Check out the guidelines at Can Organizations Join LibraryThing? LibraryThing is working on some features that will prevent the collections for organization from negatively impacting the LibraryThing experience for those with personal collections. It also sounds like they will be developing further enhanced features that will be attractive to organizations with small library collections. Sounds interesting.
Considering the cost of feature-rich library software, which is sometimes more . . . [more]
Coverage of this issue has not gone very national from what I can see, but here are a couple of links to Alberta papers
The bill passed yesterday after debate was limited by the Klein government (following 6 hours of debate).
The most outlandish sections of the bill are as follows (ss. 4-6 are about briefing notes to Ministers (restricted for 5 years), s.7 restricts access to all documents supporting the auditor’s reports (15 years):
4 Section 6 is amended by adding the following after subsection (3):
(4) The right of access does not
. . . [more]
I’ve started to work with the new Google Notebook and must say that I’m quite impressed. I’ve played around with the Firefox extension notebook and haven’t made much use of it. It only gives me one more place on my computer to make a note, and I’ve got quite a few of those already. But Google Notebook is different.
For one thing it’s Web 2.0, which means it’s available to to me wherever I have a browser and an internet connection and is, of course, cross-platform too. For another, it offers a bunch of features that seem quite handy. You . . . [more]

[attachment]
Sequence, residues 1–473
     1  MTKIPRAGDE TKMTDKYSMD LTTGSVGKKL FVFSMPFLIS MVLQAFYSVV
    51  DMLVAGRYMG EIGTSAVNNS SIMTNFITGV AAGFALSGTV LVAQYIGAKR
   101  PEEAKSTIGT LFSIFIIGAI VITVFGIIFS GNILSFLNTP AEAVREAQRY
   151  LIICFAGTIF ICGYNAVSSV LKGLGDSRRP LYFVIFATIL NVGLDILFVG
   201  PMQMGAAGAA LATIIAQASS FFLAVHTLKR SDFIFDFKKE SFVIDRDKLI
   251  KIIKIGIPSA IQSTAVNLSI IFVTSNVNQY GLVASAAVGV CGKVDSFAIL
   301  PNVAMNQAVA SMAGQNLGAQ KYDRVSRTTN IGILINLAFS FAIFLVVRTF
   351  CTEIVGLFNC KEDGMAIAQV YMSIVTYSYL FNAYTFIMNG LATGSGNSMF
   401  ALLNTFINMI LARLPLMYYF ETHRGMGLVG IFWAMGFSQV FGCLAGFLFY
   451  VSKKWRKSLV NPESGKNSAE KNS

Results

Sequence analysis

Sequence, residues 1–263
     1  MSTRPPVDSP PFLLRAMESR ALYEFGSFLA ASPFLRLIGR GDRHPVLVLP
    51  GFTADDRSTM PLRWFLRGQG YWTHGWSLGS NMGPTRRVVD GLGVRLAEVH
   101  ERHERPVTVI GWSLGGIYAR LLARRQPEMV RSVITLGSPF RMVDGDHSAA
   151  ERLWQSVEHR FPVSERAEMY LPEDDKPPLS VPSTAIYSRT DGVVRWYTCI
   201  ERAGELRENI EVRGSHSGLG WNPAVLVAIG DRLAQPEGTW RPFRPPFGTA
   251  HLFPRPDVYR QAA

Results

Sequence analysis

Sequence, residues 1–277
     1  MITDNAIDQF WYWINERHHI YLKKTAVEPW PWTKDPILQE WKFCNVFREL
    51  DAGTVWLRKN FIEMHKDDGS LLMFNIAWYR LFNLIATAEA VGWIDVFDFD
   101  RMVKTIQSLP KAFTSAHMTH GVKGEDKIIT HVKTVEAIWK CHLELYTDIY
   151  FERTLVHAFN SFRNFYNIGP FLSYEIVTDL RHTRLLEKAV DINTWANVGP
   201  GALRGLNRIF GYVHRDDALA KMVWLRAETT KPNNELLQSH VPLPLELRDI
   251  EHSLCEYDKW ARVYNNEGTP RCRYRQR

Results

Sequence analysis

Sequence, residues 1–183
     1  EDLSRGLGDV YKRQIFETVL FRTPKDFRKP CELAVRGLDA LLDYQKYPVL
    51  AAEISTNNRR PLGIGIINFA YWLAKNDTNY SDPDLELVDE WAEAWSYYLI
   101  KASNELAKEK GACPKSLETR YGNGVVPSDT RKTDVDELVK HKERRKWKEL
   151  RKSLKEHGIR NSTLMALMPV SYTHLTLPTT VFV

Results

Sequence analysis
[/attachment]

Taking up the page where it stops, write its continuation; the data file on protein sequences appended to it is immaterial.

Major announcement this morning from a broad and loose coalition of public-interest oriented organizations and privacy and civil liberties groups.
They’ve released an open letterSignatories include, Association for Media and Technology in Education in Canada, Atlantic Provinces Library Association, BC Civil Liberties Association, BC Freedom of Information and Privacy Association, BC Library Association, Colin Bennett, Professor of Political Science, University of Victoria, Canadian Association of University Teachers, Canadian Federation of Students, Canadian Internet Policy and Public Interest Clinic, Canadian Library Association, CLUE : The Canadian Association for Open Source, Consumers Association of Canada, Electronic Frontier Canada, Electronic Frontier Foundation, FLORA.org, . . . [more]
Nick Holmes, managing director of the UK InfoLaw and blogger at his Binary Law, which is about legal information, writes to say:
Please note my blog is now at:
and the blog feed is at:
I’ll be adding a Blogroll page with special mention of Slaw.
Also note that there’s a new Blogs section in infolaw Lawfinder, cataloguing all UK law (and other significant UK-relevant) blogs. I’ve included Slaw under Legal Information.
Also new on infolaw Lawfinder is the Feeds section, cataloguing all UK law and related feeds and serving up the latest 10 headlines. Your feed
. . . [more]